Previous Challenge Entry (Level 3 - Advanced)
Topic: Writing (01/11/07)
TITLE: In Hoc Signo Vinces – words that transformed an empire
By Gregory Kane
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To Licinius, Augustus of the East, greetings
It is with great pleasure and not a little surprise that I write to you from Rome. The usurper, Maxentius, is no more, his head impaled on a lance and paraded around the city. None dares challenge my claim, especially not the senate, now that I am encamped within these walls.
Truth be told, I was not at all confident of victory. My troops easily overcame those of Maxentius as we penetrated Trans-Gaul and entered Italy proper. But the pretender was safely ensconced within these seven hills and it seemed no trivial matter to expel him. Rome has scoffed at many belligerents intent on laying siege: certainly I was in no mood to live out of a camp billet for two years, waiting for the good citizens of Rome to run out of caviar and pâté de fois gras. Maxentius had already held out against Severus and Galerius, so he was well schooled in patience.
So it was with surprise that I learned he was ready to engage me in battle. I dare say he received some convincing portent from his soothsayers. But then even the simplest strategist would lay good odds on a legion or two of freshly rested soldiers against an exhausted army that has fought tooth and nail down the Italian peninsula. Even my own legates and commanders expressed their reservations at the prospect of joining battle. Yet Maxentius was determined. He crossed the Tiber at the Milvian Bridge, partly destroying it and using a pontoon to carry his own forces across. Curiously this was to be his own undoing. How was he to know that the gods had abandoned him?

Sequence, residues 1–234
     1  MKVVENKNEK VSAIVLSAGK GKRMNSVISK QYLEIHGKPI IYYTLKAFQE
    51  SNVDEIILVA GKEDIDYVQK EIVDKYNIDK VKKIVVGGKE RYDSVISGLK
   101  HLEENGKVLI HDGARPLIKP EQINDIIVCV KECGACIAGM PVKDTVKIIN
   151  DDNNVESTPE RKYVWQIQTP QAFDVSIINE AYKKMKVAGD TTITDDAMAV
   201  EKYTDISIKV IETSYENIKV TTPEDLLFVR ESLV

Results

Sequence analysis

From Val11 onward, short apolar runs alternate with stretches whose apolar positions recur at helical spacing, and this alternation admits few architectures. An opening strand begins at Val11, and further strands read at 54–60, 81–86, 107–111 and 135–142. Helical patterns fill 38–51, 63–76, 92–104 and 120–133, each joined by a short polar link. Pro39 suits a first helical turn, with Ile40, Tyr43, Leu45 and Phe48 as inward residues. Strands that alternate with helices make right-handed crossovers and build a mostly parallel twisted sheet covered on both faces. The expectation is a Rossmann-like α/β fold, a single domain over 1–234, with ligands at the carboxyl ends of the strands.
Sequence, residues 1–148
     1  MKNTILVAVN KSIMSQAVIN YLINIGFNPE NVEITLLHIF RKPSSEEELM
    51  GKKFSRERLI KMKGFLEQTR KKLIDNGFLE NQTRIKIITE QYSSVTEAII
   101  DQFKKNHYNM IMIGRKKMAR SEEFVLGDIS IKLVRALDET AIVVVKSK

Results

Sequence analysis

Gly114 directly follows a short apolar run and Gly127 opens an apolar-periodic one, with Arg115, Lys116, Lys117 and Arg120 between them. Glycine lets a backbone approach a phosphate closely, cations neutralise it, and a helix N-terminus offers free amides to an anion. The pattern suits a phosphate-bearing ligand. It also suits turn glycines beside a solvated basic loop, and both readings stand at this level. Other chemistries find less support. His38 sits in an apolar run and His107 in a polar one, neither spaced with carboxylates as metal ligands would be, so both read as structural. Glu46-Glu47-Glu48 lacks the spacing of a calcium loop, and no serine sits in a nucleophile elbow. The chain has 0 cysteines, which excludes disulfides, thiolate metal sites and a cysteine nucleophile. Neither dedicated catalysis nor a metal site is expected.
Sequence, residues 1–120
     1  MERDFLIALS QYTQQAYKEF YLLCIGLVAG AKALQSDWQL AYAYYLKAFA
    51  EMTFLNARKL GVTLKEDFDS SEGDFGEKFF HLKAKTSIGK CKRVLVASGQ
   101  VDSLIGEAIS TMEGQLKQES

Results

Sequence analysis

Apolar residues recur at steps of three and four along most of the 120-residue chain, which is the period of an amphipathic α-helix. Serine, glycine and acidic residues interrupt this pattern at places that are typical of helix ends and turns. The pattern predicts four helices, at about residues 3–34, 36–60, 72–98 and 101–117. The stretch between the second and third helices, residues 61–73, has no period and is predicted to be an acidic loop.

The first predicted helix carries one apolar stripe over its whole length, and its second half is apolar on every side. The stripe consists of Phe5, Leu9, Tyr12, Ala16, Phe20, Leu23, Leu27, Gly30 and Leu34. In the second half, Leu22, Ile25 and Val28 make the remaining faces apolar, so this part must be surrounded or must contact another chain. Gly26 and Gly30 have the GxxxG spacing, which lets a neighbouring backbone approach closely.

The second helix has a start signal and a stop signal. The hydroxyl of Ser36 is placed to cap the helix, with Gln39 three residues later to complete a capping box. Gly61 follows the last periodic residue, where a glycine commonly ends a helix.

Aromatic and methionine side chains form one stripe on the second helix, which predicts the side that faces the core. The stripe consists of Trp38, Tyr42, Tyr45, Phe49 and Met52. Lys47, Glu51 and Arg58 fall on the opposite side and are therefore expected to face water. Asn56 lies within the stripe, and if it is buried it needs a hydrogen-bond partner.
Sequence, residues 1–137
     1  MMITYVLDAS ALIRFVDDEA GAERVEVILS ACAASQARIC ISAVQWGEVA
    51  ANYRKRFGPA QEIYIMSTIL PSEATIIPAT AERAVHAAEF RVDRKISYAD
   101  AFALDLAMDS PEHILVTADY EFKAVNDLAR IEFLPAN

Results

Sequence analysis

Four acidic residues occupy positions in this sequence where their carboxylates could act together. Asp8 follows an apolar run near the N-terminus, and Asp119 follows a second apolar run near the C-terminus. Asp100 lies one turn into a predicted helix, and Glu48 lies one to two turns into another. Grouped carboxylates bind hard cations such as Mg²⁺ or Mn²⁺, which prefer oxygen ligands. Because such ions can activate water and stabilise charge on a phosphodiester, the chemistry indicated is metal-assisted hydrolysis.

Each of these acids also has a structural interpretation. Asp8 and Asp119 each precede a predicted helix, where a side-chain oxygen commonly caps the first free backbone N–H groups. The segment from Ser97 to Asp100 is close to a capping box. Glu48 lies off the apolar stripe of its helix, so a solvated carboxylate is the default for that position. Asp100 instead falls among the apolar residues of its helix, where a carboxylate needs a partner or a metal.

As you know I have always been a supplicant of the Sun god, Helios. Many of my men prefer the worship of Mars or Minerva, but I prefer the purity of the older faith. I believe that every man should follow his own heart in the matter of the gods. (Of course that’s not to say that we should extend the same rights to our women!) On the eve of battle, I saw a most unusual sign in the heavens. I was gazing upon the sun when suddenly the shape of a cross appeared, superimposed upon and brighter still than great Helios. At once I observed a message writ large across the firmament, “In this sign you will conquer.” I was at a loss to interpret this vision that was seemingly visible to my eyes alone. Yet, perceiving this to be of divine origin, I made quick to obey and issued the order that every soldier’s shield be painted with the sign of a cross. It was only in doing this that one of my officers asked why I was promoting the symbol of the Christians.
The battle exceeded my expectations. Maxentius’ forces were routed. I’m not sure that we didn’t despatch more as they scrambled across the river than we slew on the field of battle. The usurper himself was carried away by the water nymphs to an audience with old Father Tiber. We advanced at once on Rome whereupon the Senate magnanimously declared me Saviour of the Empire. I dare say they would have conveyed the same honour on whosoever had emerged victorious. Ha, politicians! Give me a clean fight to the death any day!
I have met the most interesting man here in Rome. He is called Gaius Aurelius and appears to be a priest of the Christians. Yet, as far as I can tell, he does not offer any sacrifices to their god. It is a most peculiar religion! How people love to hate it. Even your colleague Maximinus has been outspoken in his abhorrence of Christianity. I don’t think it will be long, dear Licinius, before you have to deal decisively with that upstart. When we meet in Milan for your nuptials with Constantia, could we look afresh at this issue of religious tolerance? I can see no convincing reason why a man should not be free to pursue his own religious beliefs, provided they do not affect his loyalty to the empire. In the meantime, Gaius continues to instruct me in the way of Christ. After all, if I am to have my troops display his emblem, I may as well discover whether this faith really is as loathsome as so many make out.
Keep well, old friend
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